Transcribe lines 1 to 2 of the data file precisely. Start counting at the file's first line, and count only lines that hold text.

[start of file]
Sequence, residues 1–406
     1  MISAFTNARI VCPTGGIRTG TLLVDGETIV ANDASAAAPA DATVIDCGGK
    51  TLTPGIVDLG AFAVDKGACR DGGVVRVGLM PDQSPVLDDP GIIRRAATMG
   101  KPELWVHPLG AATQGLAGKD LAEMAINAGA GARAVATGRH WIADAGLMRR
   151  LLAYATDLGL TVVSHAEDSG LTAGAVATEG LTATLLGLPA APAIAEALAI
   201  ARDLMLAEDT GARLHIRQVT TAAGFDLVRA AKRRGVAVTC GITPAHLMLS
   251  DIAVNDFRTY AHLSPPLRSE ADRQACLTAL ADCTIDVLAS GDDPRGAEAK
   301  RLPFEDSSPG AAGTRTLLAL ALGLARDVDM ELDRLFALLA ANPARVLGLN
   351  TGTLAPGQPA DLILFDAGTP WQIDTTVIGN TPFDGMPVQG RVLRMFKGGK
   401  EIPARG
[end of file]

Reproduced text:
Sequence, residues 1–406
     1  MISAFTNARI VCPTGGIRTG TLLVDGETIV ANDASAAAPA DATVIDCGGK